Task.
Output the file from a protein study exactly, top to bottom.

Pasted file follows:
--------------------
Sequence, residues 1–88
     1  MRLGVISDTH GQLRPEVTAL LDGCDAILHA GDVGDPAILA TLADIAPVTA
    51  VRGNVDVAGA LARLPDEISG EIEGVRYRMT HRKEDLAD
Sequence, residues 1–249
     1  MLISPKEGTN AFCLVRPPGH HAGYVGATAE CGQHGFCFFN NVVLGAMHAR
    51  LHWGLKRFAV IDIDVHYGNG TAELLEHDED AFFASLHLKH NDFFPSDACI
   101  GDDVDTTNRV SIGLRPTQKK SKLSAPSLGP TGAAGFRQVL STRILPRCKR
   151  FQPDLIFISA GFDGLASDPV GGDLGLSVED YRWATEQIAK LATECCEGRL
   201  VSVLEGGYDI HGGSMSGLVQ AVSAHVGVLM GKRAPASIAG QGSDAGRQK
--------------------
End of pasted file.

Sequence, residues 1–88
     1  MRLGVISDTH GQLRPEVTAL LDGCDAILHA GDVGDPAILA TLADIAPVTA
    51  VRGNVDVAGA LARLPDEISG EIEGVRYRMT HRKEDLAD
Sequence, residues 1–249
     1  MLISPKEGTN AFCLVRPPGH HAGYVGATAE CGQHGFCFFN NVVLGAMHAR
    51  LHWGLKRFAV IDIDVHYGNG TAELLEHDED AFFASLHLKH NDFFPSDACI
   101  GDDVDTTNRV SIGLRPTQKK SKLSAPSLGP TGAAGFRQVL STRILPRCKR
   151  FQPDLIFISA GFDGLASDPV GGDLGLSVED YRWATEQIAK LATECCEGRL
   201  VSVLEGGYDI HGGSMSGLVQ AVSAHVGVLM GKRAPASIAG QGSDAGRQK